How to Enter the Metaverse Era

How to Enter the Metaverse Era

How to Enter the Metaverse Era

 

Real Estate Investor Magazine started our journey in September 2007 when we launched our first print magazine at a time when print(and magazines) ruled the media landscape choice for readers and advertisers, alongside TV and radio who ruled the viewership roost.

Print magazines have become a diminutive for audiences who have lost interest in paying for print products that have moved to the Internet.

New technology is finding new and advanced applications as the costs and methods of content distribution intersects with audience demands. Magazines no longer feature on traditional advertiser media schedules as online started to grow their piece of the advertising pie significantly over the last 13 years.

Today REImag has completely transformed from a print magazine into an interactive digital magazine and online platform and now into the metaverse. The digitalisation shift to online and specifically content marketing and now metaverse has been significant.

What is Digitalisation?

Digitalisation is the process of converting information into a digital format. The result is the representation of an object, image, sound, document or signal by generating a series of numbers that describe a discrete set of points or samples. The real estate software sector has been the biggest beneficiary of innovative PropTech that has made an impact in the markets.

What is PropTech?

Property technology is the application and integration of information technology and platform economics to real estate markets. Some goals of real estate technology include reducing paperwork as well as making transactions quicker, more efficient, and more secure.

From print to digitalisation and real estate to ‘Proptech’ to the metaverse has taken a dramatic shift. The metaverse moment first started in 1992 with Neal Stephenson’s sci-fi movie called ‘Snow Crash’ with the idea of the convergence of physical, augmented, and virtual reality in an online space for people who wanted to escape the grim circumstances of a real world. Once a niche concept beloved of tech enthusiasts, the idea of a centralised virtual world, a “place” parallel to the physical world, has careened into the mainstream landscape this year.

In 2014 Facebook bought Oculus (manufacturers of VR headsets) for $2 billion. Mark Zuckerberg already predicted in 2014 that Facebook would move from a social media company to a metaverse company where people would share, “not just moments with friends online, but also entire experiences and adventures.”

The metaverse hype recently started gaining traction when Zuckerberg announced in October 2021 that the company he founded, Facebook, owners of social media platforms Facebook, Instagram, and WhatsApp, has been rebranded as Meta. And that they will have a new focus – to help bring the metaverse to life. Similarly, as REI is doing with you today.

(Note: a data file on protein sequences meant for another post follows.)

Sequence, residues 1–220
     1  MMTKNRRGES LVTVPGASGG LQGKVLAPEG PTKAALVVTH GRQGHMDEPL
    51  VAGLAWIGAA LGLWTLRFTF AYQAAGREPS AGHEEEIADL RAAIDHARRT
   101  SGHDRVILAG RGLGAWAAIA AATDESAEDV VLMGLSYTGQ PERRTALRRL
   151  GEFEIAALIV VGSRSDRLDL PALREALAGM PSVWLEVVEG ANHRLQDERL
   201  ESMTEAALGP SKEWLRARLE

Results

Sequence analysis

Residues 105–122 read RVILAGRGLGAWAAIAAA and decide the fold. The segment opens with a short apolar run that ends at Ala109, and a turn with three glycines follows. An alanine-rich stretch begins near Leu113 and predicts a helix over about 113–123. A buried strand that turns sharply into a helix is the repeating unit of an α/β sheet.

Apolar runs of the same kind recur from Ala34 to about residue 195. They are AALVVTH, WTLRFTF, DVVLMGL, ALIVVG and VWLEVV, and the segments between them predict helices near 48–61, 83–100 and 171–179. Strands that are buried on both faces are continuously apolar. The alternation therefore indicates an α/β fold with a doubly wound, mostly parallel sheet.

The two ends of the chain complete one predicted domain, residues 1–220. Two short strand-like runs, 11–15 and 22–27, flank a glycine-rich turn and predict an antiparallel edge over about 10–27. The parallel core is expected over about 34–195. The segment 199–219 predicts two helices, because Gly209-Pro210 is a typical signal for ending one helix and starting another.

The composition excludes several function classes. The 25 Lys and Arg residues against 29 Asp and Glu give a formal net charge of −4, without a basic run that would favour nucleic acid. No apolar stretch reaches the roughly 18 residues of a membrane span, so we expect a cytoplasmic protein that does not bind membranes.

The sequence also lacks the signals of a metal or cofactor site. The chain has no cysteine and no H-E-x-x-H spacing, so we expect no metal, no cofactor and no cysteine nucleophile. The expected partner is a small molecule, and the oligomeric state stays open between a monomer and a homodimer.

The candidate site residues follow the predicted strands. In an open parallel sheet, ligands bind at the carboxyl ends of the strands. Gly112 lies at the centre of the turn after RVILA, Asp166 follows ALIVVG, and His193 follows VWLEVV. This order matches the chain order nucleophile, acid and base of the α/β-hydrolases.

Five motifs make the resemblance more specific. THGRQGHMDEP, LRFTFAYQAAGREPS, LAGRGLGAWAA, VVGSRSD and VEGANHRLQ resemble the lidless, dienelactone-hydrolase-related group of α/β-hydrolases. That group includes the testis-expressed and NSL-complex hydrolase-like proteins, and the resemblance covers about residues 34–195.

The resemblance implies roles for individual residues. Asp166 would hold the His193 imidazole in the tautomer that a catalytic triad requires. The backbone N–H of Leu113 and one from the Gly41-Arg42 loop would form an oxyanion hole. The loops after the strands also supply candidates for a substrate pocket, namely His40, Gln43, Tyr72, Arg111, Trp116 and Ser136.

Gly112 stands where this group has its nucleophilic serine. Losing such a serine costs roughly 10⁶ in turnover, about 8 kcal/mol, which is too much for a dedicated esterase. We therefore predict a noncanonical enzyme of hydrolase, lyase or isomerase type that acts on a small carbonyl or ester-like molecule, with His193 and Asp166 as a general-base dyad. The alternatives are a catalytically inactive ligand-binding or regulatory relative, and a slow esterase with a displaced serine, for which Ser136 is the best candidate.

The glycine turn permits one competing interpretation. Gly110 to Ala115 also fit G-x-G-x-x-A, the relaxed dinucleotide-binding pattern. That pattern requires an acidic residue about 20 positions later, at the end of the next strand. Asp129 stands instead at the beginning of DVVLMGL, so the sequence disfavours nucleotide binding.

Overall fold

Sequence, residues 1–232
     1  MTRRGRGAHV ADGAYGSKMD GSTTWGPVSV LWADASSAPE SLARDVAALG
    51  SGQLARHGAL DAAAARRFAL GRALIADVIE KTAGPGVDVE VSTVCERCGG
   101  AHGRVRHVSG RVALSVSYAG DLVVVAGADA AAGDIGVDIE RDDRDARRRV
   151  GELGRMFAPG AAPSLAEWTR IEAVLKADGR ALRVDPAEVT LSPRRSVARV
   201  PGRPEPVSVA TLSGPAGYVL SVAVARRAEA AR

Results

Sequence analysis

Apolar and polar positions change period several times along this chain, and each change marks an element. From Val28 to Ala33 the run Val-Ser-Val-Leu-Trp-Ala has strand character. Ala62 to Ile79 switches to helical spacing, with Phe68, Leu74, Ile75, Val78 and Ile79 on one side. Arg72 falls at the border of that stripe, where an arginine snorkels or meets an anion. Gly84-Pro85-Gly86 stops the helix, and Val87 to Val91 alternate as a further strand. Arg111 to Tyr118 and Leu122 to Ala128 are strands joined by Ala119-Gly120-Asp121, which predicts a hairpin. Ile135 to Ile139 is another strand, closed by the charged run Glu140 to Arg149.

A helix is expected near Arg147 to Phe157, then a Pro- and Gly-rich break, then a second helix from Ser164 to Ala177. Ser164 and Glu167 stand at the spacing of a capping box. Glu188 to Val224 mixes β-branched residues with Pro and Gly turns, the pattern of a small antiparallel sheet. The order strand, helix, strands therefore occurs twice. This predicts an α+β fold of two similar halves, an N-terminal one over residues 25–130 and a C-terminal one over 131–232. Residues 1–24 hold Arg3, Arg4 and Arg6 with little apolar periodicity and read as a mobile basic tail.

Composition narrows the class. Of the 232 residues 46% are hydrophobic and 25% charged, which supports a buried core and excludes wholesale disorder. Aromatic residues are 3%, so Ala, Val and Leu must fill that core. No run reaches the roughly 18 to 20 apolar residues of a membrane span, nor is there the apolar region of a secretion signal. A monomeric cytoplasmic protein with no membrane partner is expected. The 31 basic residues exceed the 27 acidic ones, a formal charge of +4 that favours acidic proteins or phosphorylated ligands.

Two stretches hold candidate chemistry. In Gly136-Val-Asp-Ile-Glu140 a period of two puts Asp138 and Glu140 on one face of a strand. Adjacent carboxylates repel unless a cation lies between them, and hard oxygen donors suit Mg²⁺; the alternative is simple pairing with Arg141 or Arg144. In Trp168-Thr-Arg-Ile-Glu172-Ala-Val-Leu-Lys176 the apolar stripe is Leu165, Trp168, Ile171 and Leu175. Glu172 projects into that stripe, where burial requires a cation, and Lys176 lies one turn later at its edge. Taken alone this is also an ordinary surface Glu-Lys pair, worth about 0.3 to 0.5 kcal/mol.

Zuckerberg’s metaverse vision became public when he announced ambitious plans to build the “metaverse” — a virtual reality construct intended to supplant the Internet, merge virtual life with real-life and create endless new playgrounds for everyone. He promised, “You’re going to be able to do almost anything you can imagine.”

He says that “people don’t have to meet in physical spaces to be together, to feel present, collaborate or brainstorm. Meta envisions a future virtual world where digital avatars connect through work, travel, or entertainment like this and eventually using VR headsets. He also believes that the metaverse will even replace the internet as we know it. In fact, they are backing the initiative with tens of billions of dollars.

What is the metaverse

in most basic terms? Essentially, the metaverse is a Virtual- Reality (VR) space in where users can interact with a computer-generated environment and with other users (or their avatars). It is a highly immersive virtual world where people meet to work, socialise, play, shop and educate themselves.

SpatialWeb is one of the leaders in the metaverse developed by South African tech company Y-Dangle (owned by Eric Nienaber and Josh Fox). SpatialWeb is owned by US-based company Vatom Inc, but developed here in South Africa and is leading the metaverse space development charge. Nienaber says, “the metaverse is evolving fast at rate of knots on a daily basis as new functionalities are continually added to enhance and improve the space.”

Essentially, people working from anywhere can gather virtually on-demand in an immersive environment – as if in person. REI have already hosted 4 large conferences with over 500 people on SpatialWeb and now use the platform for business meetings instead of using the hackneyed static Zoom, Hangouts, and Teams technology which is causing ‘Zoom fatigue’ for remote workers.

The metaverse, and more specifically SpatialWeb, has a range of online 3D virtual environments in which people can play games, build things, socialise, work and even trade and earn crypto assets. Nienaber says it is difficult to define the metaverse as there are so many sub-sectors. At its core, the metaverse, also known to many as web3, is an evolution of our current Internet.

Interest in purely digital ownership has spiked dramatically, with non-fungible tokens (NFTs) and cryptocurrencies making headlines. Virtual productivity platforms are growing too, with Facebook and Microsoft announcing new ways to collaborate online.

READ MORE : A Practical POPIA Guide to Kickstart Your POPIA Compliance

What is an NFT?